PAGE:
It was about six years ago, but I remember the day vividly. I had just finished a long hike and collected our mail from the mailbox. There it was with bright red letters: AARP. What? Isn’t that for older people? It was the eve of my 50th birthday and I was working full-time and raising two teenagers. The talons of this non-profit were reaching out to grab me into their world of senior discounts and articles about drugs for urinary incontinence and cremation versus burial.

I stormed into my home office, grabbed a big black marker and wrote on the envelope: Return To Sender. Next, I went to the AARP website and completed the Privacy Policy Opt-Out Form to officially remove myself from their mailing list and the deluge of letters, emails, magazines and coupons that were looming in my future.

If you’re over 50 and receiving those invitations or you’ve already signed up for AARP, here’s why you may want to get out your shredder and give membership the boot.

Acronyms are Funny Things

AARP’s logo may have the tagline Real Possbilities, but AARP stands for: American Association of Retired Persons. If our goal is rewirement (and not retirement), AARP just doesn’t fit, not even with the lure of discounts and benefits. Somehow showing my AARP card at the car rental counter would be in conflict with happy ageless vibes.

Fixation on Age

An AARP membership is a constant reminder of the fixation we have on age-based milestones and what they represent. At 50 you get AARP, you retire at 60 or 65, Social Security kicks in at 65, and, by gosh, you enter RMD Land at age 70 1/2. Generations before, no one lived with these preconceived milestones. They just lived on one happy continuum, defining their own path and finding meaning along the way. When my third grade teacher passed away this year at 105, I have a feeling she, too, sidestepped the AARP membership.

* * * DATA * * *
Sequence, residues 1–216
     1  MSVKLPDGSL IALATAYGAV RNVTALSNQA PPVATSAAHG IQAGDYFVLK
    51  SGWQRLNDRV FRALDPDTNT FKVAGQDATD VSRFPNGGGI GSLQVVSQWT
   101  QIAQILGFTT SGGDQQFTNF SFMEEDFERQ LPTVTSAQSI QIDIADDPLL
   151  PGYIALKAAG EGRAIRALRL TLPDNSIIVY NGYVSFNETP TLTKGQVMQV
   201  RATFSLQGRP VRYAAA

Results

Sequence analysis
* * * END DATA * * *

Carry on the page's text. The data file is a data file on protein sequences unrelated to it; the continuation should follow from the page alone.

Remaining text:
Your Brain Neurons are Mapping

Your mind is the one thing you have complete control over. What you think about, choose to focus on, and your reaction to life’s ups and downs, determine how your brain works and how it’s mapped. AARP mailings and emails are like little invasive messages shaping your views and ideas about age. Brainwashing, one neuron at a time. Mindset is everything.

There’s Always Google

AARP does provide helpful articles, but so does a Google search. To find an AARP article about financial planning, you have to weed through the plethora of articles that are not yet relevant nor interesting. If I’m interested in reading about keeping my brain healthy, I’ll Google it without tripping over ads for hearing aids and continuing care.

For the past six years I’ve enjoyed an AARP-free life, with not one reminder of my pending mortality while I’m striving to live an active, healthy and vibrant lifestyle. And, one more tree will be saved without the mailings I would have received from age 50 to 100.

1 Comment

  1. I literally received an AARP envelope today and am so tired of throwing them out. Thanks for the link on how I can get rid of them. Maybe I’ll join when I’m 90.


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